mass extinction times abound

species gone and going still

throw another lump

of carbon on the pyre

How to speak for the dead

when we never even noticed their living?

or our own for that matter

How to listen to those we chose not to see?

How to live fully when we do not know

how to die?

Blindly stumbling through the halls

of ‘plenty where that came from’

in the hope that bound us all

to inaction

That shimmering mirage

of a never to be future

That dangled carrot of anywhere but NOW

anything but THIS

We do not keen the loss of these species

do not feel their gone-ness in our bones

Do not sob at the thought of extinction

because if we were capable of such depth

they would not be gone


as are we

who left the web long ago

forgetting who we were

and not even grieving that step away moment

elevating sapiens to some higher ground

Maslow’s pinnacle perhaps

One man’s heaven and all that

In our lostness and without a hint of irony

we created our own world wide web

a intertangle of virtual connection

No more communing around the council fires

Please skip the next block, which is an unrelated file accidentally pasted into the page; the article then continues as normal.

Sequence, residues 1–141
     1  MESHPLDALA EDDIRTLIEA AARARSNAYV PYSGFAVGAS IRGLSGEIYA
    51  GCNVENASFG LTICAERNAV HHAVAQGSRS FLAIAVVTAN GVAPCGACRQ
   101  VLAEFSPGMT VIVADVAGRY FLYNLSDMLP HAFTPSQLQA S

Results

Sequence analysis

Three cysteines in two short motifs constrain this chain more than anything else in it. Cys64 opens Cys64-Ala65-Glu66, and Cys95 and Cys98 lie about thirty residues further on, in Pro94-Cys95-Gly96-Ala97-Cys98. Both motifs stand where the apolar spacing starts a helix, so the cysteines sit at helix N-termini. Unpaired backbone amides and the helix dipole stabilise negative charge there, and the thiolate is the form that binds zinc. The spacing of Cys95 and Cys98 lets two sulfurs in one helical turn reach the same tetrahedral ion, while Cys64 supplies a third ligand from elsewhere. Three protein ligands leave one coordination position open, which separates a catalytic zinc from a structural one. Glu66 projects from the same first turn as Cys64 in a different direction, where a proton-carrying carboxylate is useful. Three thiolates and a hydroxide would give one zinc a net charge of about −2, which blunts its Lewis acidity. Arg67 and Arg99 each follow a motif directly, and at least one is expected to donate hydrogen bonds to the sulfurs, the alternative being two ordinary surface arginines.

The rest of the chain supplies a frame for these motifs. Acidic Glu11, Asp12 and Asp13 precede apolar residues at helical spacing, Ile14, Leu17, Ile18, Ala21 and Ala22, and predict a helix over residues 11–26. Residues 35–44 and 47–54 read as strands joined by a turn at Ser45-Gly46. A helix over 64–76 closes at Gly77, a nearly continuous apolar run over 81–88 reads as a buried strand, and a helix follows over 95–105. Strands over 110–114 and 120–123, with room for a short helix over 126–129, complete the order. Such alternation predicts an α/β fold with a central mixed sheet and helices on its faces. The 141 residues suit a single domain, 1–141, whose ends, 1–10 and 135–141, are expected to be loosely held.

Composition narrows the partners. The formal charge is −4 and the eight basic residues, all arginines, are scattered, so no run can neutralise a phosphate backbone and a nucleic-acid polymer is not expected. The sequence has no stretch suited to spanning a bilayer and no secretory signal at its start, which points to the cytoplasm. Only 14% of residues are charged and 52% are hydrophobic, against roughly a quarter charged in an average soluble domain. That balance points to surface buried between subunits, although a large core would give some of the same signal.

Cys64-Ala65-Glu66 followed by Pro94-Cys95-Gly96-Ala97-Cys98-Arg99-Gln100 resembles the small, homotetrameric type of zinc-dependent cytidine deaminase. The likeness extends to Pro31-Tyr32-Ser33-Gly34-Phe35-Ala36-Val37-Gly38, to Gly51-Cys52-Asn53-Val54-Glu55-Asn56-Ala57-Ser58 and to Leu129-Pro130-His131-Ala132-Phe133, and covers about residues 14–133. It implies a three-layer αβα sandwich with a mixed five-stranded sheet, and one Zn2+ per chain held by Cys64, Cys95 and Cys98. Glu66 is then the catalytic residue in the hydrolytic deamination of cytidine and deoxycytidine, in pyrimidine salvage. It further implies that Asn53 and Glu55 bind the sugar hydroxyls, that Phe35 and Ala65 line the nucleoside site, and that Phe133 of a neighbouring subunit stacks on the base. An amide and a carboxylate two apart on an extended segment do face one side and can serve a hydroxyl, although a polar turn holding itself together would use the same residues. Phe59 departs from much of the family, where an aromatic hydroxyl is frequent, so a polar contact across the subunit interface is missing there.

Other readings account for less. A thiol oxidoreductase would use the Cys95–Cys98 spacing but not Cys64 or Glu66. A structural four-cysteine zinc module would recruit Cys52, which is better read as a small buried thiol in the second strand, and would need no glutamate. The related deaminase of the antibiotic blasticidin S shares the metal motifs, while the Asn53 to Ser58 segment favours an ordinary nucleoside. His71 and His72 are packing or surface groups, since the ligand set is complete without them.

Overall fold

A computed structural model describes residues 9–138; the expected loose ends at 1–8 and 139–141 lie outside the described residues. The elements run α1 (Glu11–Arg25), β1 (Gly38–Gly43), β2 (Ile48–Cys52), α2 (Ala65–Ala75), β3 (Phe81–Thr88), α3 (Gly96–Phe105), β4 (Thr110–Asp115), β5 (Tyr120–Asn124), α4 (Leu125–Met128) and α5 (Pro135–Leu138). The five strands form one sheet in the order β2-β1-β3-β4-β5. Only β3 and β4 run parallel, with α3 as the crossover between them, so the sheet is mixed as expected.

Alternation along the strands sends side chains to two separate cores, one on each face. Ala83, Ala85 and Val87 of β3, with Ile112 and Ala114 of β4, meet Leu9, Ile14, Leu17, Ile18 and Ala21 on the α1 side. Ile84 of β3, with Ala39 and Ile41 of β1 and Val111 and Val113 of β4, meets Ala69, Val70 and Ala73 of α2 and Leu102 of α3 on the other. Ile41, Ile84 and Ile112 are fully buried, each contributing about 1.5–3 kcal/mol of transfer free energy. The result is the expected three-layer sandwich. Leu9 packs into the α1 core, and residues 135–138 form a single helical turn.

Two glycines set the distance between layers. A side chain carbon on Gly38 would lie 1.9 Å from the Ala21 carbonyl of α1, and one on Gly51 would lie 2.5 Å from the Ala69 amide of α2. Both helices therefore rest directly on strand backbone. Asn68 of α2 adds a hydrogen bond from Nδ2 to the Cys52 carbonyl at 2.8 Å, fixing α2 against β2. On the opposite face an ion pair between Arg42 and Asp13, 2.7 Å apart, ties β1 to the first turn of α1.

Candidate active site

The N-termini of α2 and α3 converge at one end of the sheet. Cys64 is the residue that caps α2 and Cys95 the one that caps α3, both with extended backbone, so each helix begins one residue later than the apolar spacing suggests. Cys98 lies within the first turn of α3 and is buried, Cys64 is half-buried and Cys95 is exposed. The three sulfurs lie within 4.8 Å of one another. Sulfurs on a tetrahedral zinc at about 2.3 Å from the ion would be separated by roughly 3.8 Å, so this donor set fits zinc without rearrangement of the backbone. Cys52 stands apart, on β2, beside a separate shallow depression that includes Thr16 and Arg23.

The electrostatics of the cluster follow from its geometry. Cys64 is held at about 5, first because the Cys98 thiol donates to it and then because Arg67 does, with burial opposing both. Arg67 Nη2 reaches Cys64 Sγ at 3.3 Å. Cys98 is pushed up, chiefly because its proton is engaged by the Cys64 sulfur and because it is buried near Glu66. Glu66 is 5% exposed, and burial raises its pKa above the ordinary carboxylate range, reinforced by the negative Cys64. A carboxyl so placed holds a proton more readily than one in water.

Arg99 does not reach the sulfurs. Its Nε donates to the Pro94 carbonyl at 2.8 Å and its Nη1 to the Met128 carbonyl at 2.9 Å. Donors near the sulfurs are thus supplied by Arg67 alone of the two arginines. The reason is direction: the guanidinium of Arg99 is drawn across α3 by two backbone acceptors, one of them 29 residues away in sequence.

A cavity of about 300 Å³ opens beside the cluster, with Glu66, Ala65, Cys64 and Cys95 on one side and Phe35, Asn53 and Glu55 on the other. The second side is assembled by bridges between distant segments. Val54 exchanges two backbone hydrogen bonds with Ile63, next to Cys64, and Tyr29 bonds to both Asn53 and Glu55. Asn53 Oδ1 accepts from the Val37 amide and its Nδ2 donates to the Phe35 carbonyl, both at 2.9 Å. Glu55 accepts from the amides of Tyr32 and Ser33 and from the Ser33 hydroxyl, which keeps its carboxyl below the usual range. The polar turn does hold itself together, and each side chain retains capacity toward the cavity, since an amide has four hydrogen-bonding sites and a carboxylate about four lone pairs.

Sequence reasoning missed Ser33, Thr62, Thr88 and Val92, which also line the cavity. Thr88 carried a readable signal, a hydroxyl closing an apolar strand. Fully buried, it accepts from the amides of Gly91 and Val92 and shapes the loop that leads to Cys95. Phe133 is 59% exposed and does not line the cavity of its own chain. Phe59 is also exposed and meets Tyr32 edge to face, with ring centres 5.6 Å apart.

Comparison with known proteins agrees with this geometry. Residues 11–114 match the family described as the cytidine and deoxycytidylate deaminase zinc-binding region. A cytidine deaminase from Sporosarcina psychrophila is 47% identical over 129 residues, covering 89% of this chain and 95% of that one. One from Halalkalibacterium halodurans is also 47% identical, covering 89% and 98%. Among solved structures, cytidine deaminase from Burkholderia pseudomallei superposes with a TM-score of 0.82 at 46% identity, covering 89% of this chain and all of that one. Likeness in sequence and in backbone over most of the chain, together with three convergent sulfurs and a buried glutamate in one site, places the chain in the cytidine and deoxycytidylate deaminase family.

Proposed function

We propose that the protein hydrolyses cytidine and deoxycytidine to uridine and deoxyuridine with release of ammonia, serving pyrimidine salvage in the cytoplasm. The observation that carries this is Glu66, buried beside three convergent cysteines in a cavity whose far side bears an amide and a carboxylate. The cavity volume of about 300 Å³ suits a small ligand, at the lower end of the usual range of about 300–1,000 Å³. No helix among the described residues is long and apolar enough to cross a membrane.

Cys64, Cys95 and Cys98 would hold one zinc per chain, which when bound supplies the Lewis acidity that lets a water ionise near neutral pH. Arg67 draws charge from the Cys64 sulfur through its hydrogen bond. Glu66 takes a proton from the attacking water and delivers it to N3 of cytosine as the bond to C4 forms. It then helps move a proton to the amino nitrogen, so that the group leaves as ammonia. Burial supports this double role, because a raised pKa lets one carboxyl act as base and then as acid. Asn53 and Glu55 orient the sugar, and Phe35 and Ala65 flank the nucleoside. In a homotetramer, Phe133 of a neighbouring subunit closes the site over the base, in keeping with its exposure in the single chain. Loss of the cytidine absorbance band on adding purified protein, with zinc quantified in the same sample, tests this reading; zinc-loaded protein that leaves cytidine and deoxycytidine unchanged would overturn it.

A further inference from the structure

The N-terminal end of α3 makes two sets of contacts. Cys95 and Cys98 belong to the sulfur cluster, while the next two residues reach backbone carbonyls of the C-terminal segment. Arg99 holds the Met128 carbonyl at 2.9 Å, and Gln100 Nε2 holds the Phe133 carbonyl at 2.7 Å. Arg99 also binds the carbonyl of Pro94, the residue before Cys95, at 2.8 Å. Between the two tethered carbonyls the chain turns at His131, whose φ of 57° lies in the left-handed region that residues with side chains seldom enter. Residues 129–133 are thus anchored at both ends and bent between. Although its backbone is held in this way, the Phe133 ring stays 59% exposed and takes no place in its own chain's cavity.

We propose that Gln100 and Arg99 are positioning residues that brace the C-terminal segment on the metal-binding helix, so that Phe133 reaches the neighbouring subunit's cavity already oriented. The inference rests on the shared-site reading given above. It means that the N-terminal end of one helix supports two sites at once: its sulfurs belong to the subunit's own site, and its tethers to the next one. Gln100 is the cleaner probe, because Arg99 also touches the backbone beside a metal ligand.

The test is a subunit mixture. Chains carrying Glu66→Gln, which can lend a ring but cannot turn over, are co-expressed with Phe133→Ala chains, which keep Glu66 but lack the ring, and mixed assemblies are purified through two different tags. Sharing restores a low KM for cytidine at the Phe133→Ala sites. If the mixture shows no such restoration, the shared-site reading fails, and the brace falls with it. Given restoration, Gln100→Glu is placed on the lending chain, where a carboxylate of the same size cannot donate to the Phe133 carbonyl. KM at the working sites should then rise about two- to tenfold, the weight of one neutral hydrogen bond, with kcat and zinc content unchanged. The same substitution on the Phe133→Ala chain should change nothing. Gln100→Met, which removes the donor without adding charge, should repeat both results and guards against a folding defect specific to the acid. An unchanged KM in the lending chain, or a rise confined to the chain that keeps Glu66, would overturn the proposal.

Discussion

Here it is that I pen my inkless words

with a sadness that won’t pass

a stain on my being now

a grief too vast to hold

Over at Earthweal Brendan asks us:

What are the meanings of living in complex and interweaving ecosystem? How are we dependent on it, and what changes when a part of it is lost? For this challenge, weave extinction tales. Make them a manifesto, a myth, a meander or a hymn. Ponder not only the loss of a particular lifeform but intimate web it has become a ghost in.

13 thoughts on “losst

  1. To say it that way — losst – is to hiss an emptiness which echoes through the poem. It’s an accusation which writes the human epitaph. How do we write this grief? What ink is sufficient? All we can do is try. Thanks Paul – Brendan

  2. “A grief too vast to hold.” I feel that, Paul. A beautiful and sad poem of our times. Lovely to read you, so happy you stopped by earthweal.

  3. ‘How to speak for the dead

    when we never even noticed their living?’

    Our blindness and inconsideration baffle me. You have summed up the tragedy of the situation so well.

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